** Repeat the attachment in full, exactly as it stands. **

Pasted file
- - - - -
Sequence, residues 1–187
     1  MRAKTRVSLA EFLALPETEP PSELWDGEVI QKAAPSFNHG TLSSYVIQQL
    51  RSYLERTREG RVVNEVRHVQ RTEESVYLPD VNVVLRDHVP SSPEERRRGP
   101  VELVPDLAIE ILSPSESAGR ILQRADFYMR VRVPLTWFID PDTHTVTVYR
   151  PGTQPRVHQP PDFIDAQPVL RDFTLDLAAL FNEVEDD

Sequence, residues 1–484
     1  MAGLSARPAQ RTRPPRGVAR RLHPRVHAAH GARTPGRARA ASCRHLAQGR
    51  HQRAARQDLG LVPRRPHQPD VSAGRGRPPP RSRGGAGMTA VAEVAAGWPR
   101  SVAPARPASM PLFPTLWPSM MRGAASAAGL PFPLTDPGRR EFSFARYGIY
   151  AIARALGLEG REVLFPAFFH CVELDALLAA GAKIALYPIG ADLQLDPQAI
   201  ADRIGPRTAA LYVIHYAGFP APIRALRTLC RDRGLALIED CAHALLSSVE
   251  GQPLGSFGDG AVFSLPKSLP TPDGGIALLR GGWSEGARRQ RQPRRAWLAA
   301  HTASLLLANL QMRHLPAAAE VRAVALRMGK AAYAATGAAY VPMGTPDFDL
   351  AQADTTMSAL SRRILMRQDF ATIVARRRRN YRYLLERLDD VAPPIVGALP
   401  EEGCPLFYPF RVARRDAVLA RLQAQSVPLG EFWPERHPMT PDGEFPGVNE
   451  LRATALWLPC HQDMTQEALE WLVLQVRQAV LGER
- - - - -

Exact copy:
Sequence, residues 1–187
     1  MRAKTRVSLA EFLALPETEP PSELWDGEVI QKAAPSFNHG TLSSYVIQQL
    51  RSYLERTREG RVVNEVRHVQ RTEESVYLPD VNVVLRDHVP SSPEERRRGP
   101  VELVPDLAIE ILSPSESAGR ILQRADFYMR VRVPLTWFID PDTHTVTVYR
   151  PGTQPRVHQP PDFIDAQPVL RDFTLDLAAL FNEVEDD

Sequence, residues 1–484
     1  MAGLSARPAQ RTRPPRGVAR RLHPRVHAAH GARTPGRARA ASCRHLAQGR
    51  HQRAARQDLG LVPRRPHQPD VSAGRGRPPP RSRGGAGMTA VAEVAAGWPR
   101  SVAPARPASM PLFPTLWPSM MRGAASAAGL PFPLTDPGRR EFSFARYGIY
   151  AIARALGLEG REVLFPAFFH CVELDALLAA GAKIALYPIG ADLQLDPQAI
   201  ADRIGPRTAA LYVIHYAGFP APIRALRTLC RDRGLALIED CAHALLSSVE
   251  GQPLGSFGDG AVFSLPKSLP TPDGGIALLR GGWSEGARRQ RQPRRAWLAA
   301  HTASLLLANL QMRHLPAAAE VRAVALRMGK AAYAATGAAY VPMGTPDFDL
   351  AQADTTMSAL SRRILMRQDF ATIVARRRRN YRYLLERLDD VAPPIVGALP
   401  EEGCPLFYPF RVARRDAVLA RLQAQSVPLG EFWPERHPMT PDGEFPGVNE
   451  LRATALWLPC HQDMTQEALE WLVLQVRQAV LGER